If you’re dealing with the loss of a friend or family member, there are websites that can help. You can write down your feelings and also meet others who are going through the same thing. That’s what the website WouldHaveSaid.com is all about. Last year when actress Natasha Richardson was killed in a skiing accident, 24-year-old Jackie Hooper was stunned. Though she didn’t know much about Natasha Richardson, Hooper told CNN .com she was overcome with thoughts of sudden death and things left unsaid – like what would Richardson’s family have wanted to say to her? Hooper said it gave her the idea to start WouldHaveSaid.com.
It’s just one of a bunch of forums people can use to share their memories and stories about a loved one who’s passed. The American Counseling Association says that’s one of the most important things someone who’s grieving can do. Telling their story of loss over and over allows the reality of the situation to set in. It’s like writing open letters that you never mail, which has been used in therapy for years. Another benefit of these websites is the chance to meet other people who can help you heal. The forum WebHealing.com allowed a group of mothers to meet. Each of them had lost a child.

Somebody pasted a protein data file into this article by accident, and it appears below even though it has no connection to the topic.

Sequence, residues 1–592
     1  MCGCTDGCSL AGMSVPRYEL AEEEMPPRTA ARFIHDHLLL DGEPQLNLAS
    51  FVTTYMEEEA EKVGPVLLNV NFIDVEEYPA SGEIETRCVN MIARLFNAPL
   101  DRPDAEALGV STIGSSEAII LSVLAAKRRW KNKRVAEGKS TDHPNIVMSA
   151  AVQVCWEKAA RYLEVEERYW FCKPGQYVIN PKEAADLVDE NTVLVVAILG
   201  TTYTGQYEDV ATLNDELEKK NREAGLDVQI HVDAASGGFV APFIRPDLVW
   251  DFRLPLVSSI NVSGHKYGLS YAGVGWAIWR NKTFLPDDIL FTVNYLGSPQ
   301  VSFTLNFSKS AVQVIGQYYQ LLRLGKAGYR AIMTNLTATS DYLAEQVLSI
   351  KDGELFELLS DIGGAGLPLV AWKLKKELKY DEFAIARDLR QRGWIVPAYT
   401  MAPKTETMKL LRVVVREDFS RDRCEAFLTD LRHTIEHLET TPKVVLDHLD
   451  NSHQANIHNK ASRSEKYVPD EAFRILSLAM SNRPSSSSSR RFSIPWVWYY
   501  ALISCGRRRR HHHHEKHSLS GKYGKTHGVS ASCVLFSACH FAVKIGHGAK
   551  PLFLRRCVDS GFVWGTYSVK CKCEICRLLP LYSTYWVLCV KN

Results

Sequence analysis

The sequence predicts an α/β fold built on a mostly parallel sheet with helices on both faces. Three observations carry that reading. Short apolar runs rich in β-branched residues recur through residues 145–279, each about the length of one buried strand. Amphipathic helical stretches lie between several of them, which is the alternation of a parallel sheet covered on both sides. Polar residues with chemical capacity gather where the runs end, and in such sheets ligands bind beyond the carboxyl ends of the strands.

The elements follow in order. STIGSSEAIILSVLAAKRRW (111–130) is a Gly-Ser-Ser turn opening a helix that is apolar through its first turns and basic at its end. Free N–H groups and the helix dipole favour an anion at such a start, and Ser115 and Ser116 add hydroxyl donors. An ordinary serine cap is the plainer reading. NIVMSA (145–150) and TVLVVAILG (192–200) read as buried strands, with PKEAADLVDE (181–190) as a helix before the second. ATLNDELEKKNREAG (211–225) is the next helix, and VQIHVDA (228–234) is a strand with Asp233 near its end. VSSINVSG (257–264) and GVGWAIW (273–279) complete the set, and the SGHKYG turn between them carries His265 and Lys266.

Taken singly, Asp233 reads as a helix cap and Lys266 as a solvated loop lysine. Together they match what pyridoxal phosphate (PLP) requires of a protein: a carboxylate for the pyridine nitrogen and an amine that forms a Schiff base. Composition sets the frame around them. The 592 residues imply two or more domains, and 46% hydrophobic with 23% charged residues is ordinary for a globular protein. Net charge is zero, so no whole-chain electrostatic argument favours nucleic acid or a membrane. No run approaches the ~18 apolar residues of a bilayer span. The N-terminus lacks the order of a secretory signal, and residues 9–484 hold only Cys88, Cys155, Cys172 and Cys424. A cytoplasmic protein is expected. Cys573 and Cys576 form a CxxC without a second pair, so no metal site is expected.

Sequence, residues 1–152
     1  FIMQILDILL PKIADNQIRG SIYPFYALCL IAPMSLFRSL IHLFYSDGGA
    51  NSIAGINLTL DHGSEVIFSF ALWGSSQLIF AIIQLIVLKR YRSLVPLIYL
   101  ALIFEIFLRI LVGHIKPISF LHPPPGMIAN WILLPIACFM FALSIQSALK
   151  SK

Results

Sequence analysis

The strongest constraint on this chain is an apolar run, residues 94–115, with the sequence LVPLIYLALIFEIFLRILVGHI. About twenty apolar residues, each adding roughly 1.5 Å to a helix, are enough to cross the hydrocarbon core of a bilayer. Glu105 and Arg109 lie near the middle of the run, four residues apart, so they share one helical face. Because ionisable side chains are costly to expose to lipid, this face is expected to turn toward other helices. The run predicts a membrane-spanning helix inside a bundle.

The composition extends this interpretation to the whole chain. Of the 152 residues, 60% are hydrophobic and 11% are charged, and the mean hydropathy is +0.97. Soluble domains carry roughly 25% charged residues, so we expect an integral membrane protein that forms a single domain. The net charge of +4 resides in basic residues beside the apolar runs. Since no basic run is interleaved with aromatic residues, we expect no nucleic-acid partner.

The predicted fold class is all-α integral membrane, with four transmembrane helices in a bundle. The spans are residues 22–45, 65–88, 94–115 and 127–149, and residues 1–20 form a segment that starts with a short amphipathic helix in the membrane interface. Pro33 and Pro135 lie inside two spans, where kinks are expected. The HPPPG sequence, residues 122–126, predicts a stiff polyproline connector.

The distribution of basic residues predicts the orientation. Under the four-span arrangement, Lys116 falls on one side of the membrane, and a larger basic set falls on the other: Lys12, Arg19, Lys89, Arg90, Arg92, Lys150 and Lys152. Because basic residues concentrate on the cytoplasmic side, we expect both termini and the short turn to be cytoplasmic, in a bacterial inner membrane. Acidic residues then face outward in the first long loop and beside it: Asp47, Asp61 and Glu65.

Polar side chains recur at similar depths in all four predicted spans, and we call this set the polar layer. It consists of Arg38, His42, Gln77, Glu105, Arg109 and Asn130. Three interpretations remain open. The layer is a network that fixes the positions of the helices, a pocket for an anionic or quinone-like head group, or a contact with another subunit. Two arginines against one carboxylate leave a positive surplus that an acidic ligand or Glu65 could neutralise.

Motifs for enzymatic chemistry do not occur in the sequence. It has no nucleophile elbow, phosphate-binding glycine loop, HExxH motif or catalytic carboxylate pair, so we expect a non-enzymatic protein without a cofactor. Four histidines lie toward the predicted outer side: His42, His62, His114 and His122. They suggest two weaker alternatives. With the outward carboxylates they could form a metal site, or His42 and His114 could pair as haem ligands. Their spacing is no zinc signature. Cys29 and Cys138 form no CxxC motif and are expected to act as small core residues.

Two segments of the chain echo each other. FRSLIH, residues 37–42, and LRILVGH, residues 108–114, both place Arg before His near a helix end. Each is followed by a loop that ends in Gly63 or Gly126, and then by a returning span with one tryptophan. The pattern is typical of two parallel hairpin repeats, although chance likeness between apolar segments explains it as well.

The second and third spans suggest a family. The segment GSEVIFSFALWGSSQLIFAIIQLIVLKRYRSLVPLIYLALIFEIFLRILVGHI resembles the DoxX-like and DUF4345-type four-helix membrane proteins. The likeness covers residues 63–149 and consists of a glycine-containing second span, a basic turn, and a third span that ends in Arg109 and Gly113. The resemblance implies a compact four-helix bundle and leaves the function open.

You’ve got to be careful about the info you post online, even on websites like these. Why? Because people who are dealing with a death are vulnerable. Keren Humphrey from the American Counseling Association says predators look for vulnerable people online so they can take advantage of them. It’s like when thieves read obituaries so they can find a house to rob while people are at a funeral. Before you post, Humphrey says:
- First, find out who’s sponsoring a grief website. Does it have advertisers? Is it selling a product or a religion? Take these things into account.
- Also, tell a friend or family member that you plan to write an online note to grieve. That way they check out the site and make sure you’re not oversharing personal information on the Internet.